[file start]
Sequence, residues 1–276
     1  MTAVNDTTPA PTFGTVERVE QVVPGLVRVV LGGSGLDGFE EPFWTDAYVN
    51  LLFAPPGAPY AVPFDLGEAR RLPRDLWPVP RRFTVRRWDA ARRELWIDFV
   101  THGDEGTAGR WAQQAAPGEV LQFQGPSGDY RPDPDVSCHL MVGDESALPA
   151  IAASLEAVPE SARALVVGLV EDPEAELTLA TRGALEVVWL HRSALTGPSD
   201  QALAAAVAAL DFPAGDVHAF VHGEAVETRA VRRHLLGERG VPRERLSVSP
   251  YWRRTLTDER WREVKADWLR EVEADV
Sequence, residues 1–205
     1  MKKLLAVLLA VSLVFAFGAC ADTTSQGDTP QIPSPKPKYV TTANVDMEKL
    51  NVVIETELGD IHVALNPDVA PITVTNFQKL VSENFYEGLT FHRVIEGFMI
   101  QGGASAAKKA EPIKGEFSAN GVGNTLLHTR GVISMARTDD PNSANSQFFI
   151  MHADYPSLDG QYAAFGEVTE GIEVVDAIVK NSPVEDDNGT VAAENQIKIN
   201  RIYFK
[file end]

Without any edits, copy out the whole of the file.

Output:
Sequence, residues 1–276
     1  MTAVNDTTPA PTFGTVERVE QVVPGLVRVV LGGSGLDGFE EPFWTDAYVN
    51  LLFAPPGAPY AVPFDLGEAR RLPRDLWPVP RRFTVRRWDA ARRELWIDFV
   101  THGDEGTAGR WAQQAAPGEV LQFQGPSGDY RPDPDVSCHL MVGDESALPA
   151  IAASLEAVPE SARALVVGLV EDPEAELTLA TRGALEVVWL HRSALTGPSD
   201  QALAAAVAAL DFPAGDVHAF VHGEAVETRA VRRHLLGERG VPRERLSVSP
   251  YWRRTLTDER WREVKADWLR EVEADV
Sequence, residues 1–205
     1  MKKLLAVLLA VSLVFAFGAC ADTTSQGDTP QIPSPKPKYV TTANVDMEKL
    51  NVVIETELGD IHVALNPDVA PITVTNFQKL VSENFYEGLT FHRVIEGFMI
   101  QGGASAAKKA EPIKGEFSAN GVGNTLLHTR GVISMARTDD PNSANSQFFI
   151  MHADYPSLDG QYAAFGEVTE GIEVVDAIVK NSPVEDDNGT VAAENQIKIN
   201  RIYFK